Malaria kills over one million people each year, 80% of which are in sub-Saharan Africa, including Kenya. Most of these are young children.
Mosquitoes breed in swampy or damp areas, and therefore tend to appear during the rains. In Kenya there are usually two rainy seasons, March to May and October/November. At these times the risk of contracting malaria can be high. Malaria is spread by the female anopheline mosquito, which takes blood from humans, and in so doing passes on a deadly parasite. This is usually between dusk and dawn, so people are often attacked whilst asleep.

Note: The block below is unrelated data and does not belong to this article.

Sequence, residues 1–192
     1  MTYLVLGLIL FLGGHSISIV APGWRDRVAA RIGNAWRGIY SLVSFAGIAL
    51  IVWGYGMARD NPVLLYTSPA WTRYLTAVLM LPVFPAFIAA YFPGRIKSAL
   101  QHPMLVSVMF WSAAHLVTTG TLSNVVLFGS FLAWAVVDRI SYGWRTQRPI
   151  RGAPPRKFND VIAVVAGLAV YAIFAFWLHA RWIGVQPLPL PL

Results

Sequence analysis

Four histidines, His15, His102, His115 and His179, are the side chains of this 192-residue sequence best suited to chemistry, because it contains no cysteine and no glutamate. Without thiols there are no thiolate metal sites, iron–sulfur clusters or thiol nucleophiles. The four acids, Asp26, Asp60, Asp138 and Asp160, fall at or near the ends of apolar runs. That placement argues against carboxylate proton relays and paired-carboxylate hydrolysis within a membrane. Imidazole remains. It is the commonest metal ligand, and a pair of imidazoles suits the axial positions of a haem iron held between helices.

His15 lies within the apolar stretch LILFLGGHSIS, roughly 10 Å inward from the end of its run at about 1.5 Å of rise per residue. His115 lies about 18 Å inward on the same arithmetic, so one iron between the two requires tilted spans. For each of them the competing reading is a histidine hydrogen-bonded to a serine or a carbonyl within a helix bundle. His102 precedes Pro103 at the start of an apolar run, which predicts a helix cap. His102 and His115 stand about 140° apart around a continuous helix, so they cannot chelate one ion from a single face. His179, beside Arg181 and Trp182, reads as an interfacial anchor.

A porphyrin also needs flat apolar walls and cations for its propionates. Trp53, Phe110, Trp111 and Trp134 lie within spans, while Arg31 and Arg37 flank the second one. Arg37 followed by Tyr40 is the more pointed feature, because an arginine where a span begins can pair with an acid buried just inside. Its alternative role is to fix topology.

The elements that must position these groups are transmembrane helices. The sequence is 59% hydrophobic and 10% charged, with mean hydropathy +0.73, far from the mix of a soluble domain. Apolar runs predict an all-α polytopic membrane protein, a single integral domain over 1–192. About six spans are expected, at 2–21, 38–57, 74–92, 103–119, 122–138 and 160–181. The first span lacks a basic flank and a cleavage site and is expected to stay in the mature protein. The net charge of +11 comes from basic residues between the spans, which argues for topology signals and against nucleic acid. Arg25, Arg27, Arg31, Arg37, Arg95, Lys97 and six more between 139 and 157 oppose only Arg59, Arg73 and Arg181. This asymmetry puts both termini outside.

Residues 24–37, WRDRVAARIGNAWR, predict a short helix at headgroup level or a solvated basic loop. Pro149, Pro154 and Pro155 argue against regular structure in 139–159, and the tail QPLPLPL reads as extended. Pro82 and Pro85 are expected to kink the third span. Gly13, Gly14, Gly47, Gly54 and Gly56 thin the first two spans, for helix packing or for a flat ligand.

If a person has malaria many times, he/she may eventually become immune, but young children have not had time to build up this immunity. Drugs may be used, but these are expensive, and may have side-effects. One of the cheapest and effective methods of avoiding the disease is through the use of mosquito nets, costing about £1 each, but these are too expensive for many people.
In May 2006, we provided funding for the purchase of nets for all of the boarders, which will decrease their chance of contracting malaria considerably.